By Jesus Christ - By the agency, or medium of Jesus Christ. He was the mediator to interpose in the work of reconciliation. And he was abundantly qualified for this work, and was the only being that has lived in this world who was qualified for it. Because:
(1) He was endowed with a divine and human nature - the nature of both the parties at issue - God and man, and thus, in the language of Job, could “lay his hand upon both,” Job 9:33.
(2) he was intimately acquainted with both the parties, and knew what was needful to be done. He knew God the Father so well that he could say, “No man knoweth the Father but the Son,” Matthew 11:27. And he knew man so well that it could be said of him, he “needed not that any should testify of man, for he knew what was in man,” John 2:25. No one can be a mediator who is not acquainted with the feelings, views, desires, claims, or prejudices of both the parties at issue.
(3) he was the friend of both the parties. He loved God. No man ever doubted this, or had any reason to call it in question, and he was always desirous of securing all that God claimed, and of vindicating him, and he never abandoned anything that God had a right to claim. And he loved man. He showed this in all his life. He sought his welfare in every way possible, and gave himself for him. Yet no one is qualified to act the mediator‘s part who is not the common friend of both the parties at issue, and who will not seek the welfare, the right, or the honor of both.
(4) he was willing to suffer anything from either party in order to produce reconciliation. From the hand of God he was willing to endure all that he deemed to be necessary, in order to show his hatred of sin by his vicarious sufferings, and to make an atonement; and from the hand of man he was willing to endure all the reproach, and contumely, and scorn which could be possibly involved in the work of inducing man to be reconciled to God. And,
(5) He has removed all the obstacles which existed to a reconciliation. On the part of God, he has made it consistent for him to pardon. He has made an atonement, so that God can be just while he justifies the sinner. He has maintained His truth, and justice, and secured the stability of His moral government while He admits offenders to His favor. And on the part of man, He, by the agency of His Spirit, overcomes the unwillingness of the sinner to be reconciled, humbles his pride, shows him his sin, changes his heart, subdues his enmity against God, and secures in fact a harmony of feeling and purpose between God and man, so that they shall be reconciled forever.
And hath given to us - To us the apostles and our fellow-laborers.
The ministry of reconciliation - That is, of announcing to people the nature and the conditions of this plan of being reconciled. We have been appointed to make this known, and to press its acceptation on people; see 2 Corinthians 5:20.
We should cherish gratitude of heart all the days of our life because the Lord has put on record these words: “For thus saith the high and lofty One that inhabiteth eternity, whose name is Holy; I dwell in the high and holy place, with him also that is of a contrite and humble spirit, to revive the spirit of the humble, and to revive the heart of the contrite ones.” The reconciliation of God to man, and man to God, is sure when certain conditions are met. The Lord says, “The sacrifices of God are a broken spirit: a broken and a contrite heart, O God, Thou wilt not despise.” Again He says, “The Lord is nigh unto them that are of a broken heart; and saveth such as be of a contrite spirit.” “Though the Lord be high, yet hath He respect unto the lowly: but the proud He knoweth afar off.” “Thus saith the Lord, The heaven is My throne, and the earth is My footstool: where is the house that ye build unto Me? and where is the place of My rest? For all those things hath Mine hand made, and all those things have been, saith the Lord: but to this man will I look, even to him that is poor and of a contrite spirit, and trembleth at My word.” “The Spirit of the Lord God is upon Me; because the Lord hath anointed Me to preach good tidings unto the meek; He hath sent Me to bind up the broken-hearted, to proclaim liberty to the captives, and the opening of the prison to them that are bound; to proclaim the acceptable year of the Lord, and the day of vengeance of our God; to comfort all that mourn; to appoint unto them that mourn in Zion, to give unto them beauty for ashes, the oil of joy for mourning, the garment of praise for the spirit of heaviness; that they might be called trees of righteousness, the planting of the Lord, that He might be glorified.” The psalmist writes, “He healeth the broken in heart, and bindeth up their wounds.” Though He is the restorer of fallen humanity, yet “He telleth the number of the stars; He calleth them all by their names. Great is our Lord, and of great power: His understanding is infinite. The Lord lifteth up the meek: He casteth the wicked down to the ground. Sing unto the Lord with thanksgiving; sing praise upon the harp unto our God.... The Lord taketh pleasure in them that fear Him, in those that hope in His mercy. Praise the Lord, O Jerusalem; praise thy God, O Zion.” FE 370.1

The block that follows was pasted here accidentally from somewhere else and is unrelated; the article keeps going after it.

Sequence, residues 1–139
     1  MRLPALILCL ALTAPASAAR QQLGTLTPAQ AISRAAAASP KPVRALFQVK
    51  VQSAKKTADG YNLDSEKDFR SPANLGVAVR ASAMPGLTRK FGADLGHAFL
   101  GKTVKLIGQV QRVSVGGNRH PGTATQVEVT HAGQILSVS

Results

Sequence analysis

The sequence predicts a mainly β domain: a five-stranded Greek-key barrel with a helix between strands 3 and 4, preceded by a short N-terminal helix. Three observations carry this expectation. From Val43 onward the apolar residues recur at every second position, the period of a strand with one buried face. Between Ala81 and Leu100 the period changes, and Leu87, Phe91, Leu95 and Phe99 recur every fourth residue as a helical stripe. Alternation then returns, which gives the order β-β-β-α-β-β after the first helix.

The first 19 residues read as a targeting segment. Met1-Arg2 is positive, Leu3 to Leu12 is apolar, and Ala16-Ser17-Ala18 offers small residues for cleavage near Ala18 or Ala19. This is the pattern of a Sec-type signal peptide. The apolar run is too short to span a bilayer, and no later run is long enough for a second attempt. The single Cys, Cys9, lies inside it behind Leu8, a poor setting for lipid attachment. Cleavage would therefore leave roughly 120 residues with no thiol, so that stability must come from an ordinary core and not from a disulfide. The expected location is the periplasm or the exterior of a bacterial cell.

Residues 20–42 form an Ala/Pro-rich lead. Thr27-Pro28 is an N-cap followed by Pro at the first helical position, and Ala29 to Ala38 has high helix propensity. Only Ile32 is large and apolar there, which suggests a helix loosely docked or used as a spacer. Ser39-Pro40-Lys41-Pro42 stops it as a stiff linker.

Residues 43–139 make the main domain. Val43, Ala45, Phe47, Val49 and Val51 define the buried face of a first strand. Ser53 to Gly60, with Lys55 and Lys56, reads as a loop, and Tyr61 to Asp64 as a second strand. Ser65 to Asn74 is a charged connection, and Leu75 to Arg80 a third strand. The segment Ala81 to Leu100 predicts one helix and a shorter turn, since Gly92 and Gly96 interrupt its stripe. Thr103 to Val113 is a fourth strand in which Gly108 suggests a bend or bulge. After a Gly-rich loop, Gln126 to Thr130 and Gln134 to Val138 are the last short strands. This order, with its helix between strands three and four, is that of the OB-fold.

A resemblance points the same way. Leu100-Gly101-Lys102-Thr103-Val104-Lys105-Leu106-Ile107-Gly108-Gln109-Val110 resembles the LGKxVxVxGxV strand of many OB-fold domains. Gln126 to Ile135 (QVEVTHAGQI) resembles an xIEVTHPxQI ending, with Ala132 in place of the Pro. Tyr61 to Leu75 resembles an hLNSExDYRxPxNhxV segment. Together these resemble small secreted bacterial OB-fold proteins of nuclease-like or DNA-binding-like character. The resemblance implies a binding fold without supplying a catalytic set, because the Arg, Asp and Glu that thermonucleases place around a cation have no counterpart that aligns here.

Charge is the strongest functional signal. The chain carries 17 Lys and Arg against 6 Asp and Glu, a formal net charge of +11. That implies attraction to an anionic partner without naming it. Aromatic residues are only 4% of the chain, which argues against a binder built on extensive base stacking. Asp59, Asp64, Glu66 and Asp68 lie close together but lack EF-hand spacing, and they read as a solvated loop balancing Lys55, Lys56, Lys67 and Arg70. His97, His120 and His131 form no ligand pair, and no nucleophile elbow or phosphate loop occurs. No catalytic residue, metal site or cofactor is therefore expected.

How precious are the lessons of this psalm. We might well devote study to the last four psalms of David. The words also of the prophet are very precious: “Will a man leave the snow of Lebanon which cometh from the rock of the field? or shall the cold flowing waters that come from another place be forsaken? Because my people hath forgotten Me, they have burned incense to vanity, and they have caused them to stumble in their ways from the ancient paths, to walk in paths, in a way not cast up.” “Thus saith the Lord; Cursed be the man that trusteth in man, and maketh flesh his arm, and whose heart departeth from the Lord. For he shall be like the heath in the desert, and shall not see when good cometh; but shall inhabit the parched places in the wilderness, in a salt land and not inhabited. Blessed is the man that trusteth in the Lord, and whose hope the Lord is. For he shall be as a tree planted by the waters, and that spreadeth out her roots by the river, and shall not see when heat cometh, but her leaf shall be green; and shall not be careful in the year of drought, neither shall cease from yielding fruit.”—Special Testimonies On Education, April 22, 1895. FE 371.1Read in context »